Phil Tataurangi tells students to never dream medium
Monday, 20 Mar 2017
“No one can say you are or are not going to be successful. You need to just dream big. Never give yourself the opportunity to dream medium.”
That advice was part of a motivational speech delivered by kiwi golfing legend Phil Tataurangi at our Mokoia Campus in Rotorua last Friday.
Speaking to an auditorium of sporting students and those from nearby high schools, the former Australian PGA champion dispelled myths he perceived around success and highlighted the value of self-worth.
Success doesn’t mean happiness or big cheques. I guarantee you, true happiness comes from the pursuit of trying to reach your own potential. I couldn’t have stood here 20 years ago and told you that.”
With few Māori in professional golf prior to his arrival on the scene, Tataurangi never pictured himself as a disadvantaged anomaly. With loving and supportive parents, he saw his whānau, Māori heritage and sense of belonging as an extra pair of clubs in his golf bag, centring his journey.
Rising from a 7 year old stepping onto a golf course for the first time, to playing on the PGA Tour at 22 alongside his idols, the forty-five year old sports professional states his lifelong dream of mastering golf is still an ever-shifting goalpost and that success is more in reach now than ever.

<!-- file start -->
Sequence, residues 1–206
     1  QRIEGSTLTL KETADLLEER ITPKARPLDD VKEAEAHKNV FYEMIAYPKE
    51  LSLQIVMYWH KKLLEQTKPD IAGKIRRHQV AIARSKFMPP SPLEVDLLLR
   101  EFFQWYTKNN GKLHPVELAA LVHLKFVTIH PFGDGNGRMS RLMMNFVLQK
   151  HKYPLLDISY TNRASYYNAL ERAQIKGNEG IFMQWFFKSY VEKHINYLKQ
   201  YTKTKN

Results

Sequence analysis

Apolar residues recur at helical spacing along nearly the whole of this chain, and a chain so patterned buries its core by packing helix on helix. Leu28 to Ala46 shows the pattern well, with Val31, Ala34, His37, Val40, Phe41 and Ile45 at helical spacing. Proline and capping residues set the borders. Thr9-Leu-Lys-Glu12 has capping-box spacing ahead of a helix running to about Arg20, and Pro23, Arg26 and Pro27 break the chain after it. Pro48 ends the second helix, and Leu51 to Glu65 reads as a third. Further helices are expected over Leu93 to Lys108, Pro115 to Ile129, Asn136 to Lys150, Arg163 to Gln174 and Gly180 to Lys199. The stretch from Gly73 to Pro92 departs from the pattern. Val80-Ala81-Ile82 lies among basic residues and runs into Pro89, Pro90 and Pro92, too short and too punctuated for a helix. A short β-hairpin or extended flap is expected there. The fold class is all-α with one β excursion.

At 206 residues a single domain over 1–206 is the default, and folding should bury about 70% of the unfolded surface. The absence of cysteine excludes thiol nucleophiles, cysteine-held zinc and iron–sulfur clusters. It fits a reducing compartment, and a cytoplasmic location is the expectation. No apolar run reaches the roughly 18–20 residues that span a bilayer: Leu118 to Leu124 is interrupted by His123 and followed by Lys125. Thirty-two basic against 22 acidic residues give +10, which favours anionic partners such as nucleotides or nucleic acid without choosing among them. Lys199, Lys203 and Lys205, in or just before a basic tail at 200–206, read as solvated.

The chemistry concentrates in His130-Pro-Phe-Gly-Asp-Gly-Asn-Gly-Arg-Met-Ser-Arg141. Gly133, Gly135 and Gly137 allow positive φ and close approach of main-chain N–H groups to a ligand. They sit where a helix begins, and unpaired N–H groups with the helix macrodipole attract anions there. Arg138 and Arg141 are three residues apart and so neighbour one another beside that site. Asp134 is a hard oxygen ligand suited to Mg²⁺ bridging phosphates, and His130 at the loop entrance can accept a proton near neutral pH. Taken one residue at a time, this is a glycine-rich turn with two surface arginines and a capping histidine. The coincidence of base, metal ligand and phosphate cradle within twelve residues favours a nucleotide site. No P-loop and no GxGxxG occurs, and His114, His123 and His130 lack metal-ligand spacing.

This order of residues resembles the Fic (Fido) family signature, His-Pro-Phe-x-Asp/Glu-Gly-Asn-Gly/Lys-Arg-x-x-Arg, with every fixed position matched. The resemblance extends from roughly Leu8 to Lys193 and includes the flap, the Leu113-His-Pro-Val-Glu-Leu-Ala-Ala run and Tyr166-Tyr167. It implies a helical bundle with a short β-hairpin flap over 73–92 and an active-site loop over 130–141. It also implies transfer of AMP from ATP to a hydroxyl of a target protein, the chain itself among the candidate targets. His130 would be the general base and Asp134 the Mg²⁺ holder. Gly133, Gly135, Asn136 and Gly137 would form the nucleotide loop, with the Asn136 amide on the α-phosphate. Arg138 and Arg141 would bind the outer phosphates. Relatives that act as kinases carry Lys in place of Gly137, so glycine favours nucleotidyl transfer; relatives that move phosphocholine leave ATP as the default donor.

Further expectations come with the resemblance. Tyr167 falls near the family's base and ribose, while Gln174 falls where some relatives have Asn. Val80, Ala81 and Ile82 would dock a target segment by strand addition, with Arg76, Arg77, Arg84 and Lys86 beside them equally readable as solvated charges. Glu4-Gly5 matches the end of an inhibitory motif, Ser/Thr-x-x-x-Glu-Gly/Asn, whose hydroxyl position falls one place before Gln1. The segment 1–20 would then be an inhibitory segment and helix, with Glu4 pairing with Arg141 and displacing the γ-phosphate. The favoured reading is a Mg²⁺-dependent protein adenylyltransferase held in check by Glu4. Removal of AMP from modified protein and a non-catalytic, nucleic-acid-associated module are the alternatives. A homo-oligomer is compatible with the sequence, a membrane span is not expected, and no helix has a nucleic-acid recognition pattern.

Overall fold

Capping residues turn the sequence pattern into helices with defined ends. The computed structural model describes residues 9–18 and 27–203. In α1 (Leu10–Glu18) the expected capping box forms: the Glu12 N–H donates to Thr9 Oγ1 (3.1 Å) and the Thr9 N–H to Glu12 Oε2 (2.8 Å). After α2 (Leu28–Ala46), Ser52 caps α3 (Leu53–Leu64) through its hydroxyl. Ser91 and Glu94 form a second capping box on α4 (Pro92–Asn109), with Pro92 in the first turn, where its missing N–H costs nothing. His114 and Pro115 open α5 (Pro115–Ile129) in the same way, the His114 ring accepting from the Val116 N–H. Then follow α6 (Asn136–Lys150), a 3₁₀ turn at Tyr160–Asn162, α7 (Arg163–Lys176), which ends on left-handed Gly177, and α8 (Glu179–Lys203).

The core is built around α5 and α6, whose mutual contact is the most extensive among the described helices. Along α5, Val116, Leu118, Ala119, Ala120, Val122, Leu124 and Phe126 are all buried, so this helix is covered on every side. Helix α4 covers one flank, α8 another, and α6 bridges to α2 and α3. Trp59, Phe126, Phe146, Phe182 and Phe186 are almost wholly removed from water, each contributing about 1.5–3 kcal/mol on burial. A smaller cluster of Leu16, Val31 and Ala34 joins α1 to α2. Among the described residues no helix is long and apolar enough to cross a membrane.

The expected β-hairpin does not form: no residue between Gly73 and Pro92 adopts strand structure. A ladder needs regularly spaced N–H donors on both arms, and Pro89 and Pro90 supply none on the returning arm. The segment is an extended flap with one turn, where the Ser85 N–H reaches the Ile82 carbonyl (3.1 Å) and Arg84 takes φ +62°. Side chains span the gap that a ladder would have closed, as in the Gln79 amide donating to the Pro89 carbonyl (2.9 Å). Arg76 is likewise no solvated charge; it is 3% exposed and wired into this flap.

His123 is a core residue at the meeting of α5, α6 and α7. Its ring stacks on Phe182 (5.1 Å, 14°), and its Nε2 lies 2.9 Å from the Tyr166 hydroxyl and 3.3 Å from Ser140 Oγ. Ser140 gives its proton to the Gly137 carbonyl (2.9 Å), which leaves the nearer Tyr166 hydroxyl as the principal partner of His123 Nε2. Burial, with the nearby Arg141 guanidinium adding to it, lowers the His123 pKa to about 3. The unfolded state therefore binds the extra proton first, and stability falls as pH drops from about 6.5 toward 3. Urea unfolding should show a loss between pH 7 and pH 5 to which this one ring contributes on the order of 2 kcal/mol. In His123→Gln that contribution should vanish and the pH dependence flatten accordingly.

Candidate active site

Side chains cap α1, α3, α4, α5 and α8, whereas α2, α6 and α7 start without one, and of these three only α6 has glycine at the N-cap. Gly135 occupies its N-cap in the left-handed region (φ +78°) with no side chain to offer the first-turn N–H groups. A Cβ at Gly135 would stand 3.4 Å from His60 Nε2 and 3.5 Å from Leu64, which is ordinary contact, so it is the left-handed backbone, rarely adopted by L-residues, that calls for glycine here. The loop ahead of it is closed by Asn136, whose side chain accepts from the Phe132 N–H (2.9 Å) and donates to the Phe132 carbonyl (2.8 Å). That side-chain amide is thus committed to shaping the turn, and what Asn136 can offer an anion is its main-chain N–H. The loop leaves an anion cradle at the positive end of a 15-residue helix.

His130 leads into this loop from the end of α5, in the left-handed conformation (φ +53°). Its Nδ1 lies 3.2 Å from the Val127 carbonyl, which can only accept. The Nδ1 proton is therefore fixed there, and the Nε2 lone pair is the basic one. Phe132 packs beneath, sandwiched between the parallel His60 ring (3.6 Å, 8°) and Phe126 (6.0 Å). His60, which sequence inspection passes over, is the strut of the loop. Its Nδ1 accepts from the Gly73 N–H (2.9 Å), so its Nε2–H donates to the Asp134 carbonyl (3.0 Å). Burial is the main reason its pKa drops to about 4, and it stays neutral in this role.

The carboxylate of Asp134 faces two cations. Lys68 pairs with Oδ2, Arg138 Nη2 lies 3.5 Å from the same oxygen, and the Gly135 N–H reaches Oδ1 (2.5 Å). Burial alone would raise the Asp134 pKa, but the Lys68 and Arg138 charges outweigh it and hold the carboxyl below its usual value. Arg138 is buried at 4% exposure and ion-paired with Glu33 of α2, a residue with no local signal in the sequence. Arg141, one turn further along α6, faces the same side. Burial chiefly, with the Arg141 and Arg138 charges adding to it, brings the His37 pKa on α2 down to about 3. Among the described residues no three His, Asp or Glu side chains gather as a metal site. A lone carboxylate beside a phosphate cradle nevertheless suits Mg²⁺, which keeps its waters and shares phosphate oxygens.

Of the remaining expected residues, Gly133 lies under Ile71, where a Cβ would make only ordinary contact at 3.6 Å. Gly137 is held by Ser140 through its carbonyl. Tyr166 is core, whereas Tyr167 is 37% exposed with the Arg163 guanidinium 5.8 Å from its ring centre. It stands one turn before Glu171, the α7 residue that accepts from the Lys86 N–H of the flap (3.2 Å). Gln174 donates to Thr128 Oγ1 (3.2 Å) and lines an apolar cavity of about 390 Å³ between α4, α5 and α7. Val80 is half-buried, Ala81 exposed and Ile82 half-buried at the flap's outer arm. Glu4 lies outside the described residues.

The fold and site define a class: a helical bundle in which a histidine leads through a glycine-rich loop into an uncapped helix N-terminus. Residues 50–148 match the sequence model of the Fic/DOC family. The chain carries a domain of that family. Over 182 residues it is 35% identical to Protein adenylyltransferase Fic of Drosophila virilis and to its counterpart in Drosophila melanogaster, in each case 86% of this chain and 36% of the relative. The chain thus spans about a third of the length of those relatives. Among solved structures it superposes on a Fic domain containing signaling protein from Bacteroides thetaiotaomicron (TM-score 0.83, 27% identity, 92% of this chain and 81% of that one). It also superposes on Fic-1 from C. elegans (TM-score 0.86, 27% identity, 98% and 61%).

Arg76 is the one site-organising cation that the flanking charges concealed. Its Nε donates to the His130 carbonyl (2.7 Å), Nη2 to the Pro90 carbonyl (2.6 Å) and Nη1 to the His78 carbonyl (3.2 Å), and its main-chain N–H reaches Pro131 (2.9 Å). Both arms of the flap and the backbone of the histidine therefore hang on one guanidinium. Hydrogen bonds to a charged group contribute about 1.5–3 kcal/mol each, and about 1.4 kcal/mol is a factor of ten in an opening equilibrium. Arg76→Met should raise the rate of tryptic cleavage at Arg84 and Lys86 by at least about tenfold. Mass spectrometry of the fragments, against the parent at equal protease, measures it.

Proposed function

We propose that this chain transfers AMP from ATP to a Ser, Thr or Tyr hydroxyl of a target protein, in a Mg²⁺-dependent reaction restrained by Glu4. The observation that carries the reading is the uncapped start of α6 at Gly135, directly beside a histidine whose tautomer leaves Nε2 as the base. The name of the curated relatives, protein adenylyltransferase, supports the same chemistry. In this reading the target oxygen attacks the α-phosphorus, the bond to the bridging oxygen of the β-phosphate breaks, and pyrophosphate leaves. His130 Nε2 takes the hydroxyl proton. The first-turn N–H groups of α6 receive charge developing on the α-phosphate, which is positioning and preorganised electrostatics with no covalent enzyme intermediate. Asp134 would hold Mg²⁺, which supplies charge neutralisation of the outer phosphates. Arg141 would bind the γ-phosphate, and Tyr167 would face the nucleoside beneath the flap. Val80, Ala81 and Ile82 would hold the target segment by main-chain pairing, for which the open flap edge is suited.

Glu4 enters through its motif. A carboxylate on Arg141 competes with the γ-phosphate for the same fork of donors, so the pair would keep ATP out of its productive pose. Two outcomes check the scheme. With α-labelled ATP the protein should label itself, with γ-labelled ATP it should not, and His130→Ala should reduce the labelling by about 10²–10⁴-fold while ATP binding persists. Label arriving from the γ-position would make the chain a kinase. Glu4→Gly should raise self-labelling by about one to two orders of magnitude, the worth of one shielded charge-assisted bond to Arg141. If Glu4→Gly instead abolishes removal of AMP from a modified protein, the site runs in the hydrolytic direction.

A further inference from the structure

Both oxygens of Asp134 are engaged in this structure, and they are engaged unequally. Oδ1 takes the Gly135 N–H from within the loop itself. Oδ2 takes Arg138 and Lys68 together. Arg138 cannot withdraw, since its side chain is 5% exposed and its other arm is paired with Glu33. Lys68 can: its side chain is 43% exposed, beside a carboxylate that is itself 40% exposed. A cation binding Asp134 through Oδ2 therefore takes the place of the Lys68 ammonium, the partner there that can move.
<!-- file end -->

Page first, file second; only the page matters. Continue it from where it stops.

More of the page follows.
“I think there is this myth that the most talented people have the most success.
“Whatever you choose to pursue, with how well the globe is connected these days, you are actually this close. No one will believe in you like you have the power to and that self-belief is the cornerstone of success. At times it is a rocky road, but everybody who manages to move the needle returns to that self-belief and work ethic.
“Doing the reasonable sometimes means you are not stretching yourself far enough. Be innovative. In sports, education or life. What are people reaching for the same goal not doing? What might you do differently? How can you continually move forward?
“These ingredients help you overtake the most naturally talented at any age.”
Encouraging the audience to strive for their most authentic way of living, he emphasised that in the modern age, divorcing who you are on or off the sports field or in any two areas of life is impossible.
“Remain true to who you are at all times and don’t try to emulate someone else. That is what elevates you. Be one set of values, be one you. In learning, in family, in life. It’s a whole lot easier life to live and you’ll have a whole heap more fun wherever you end up.”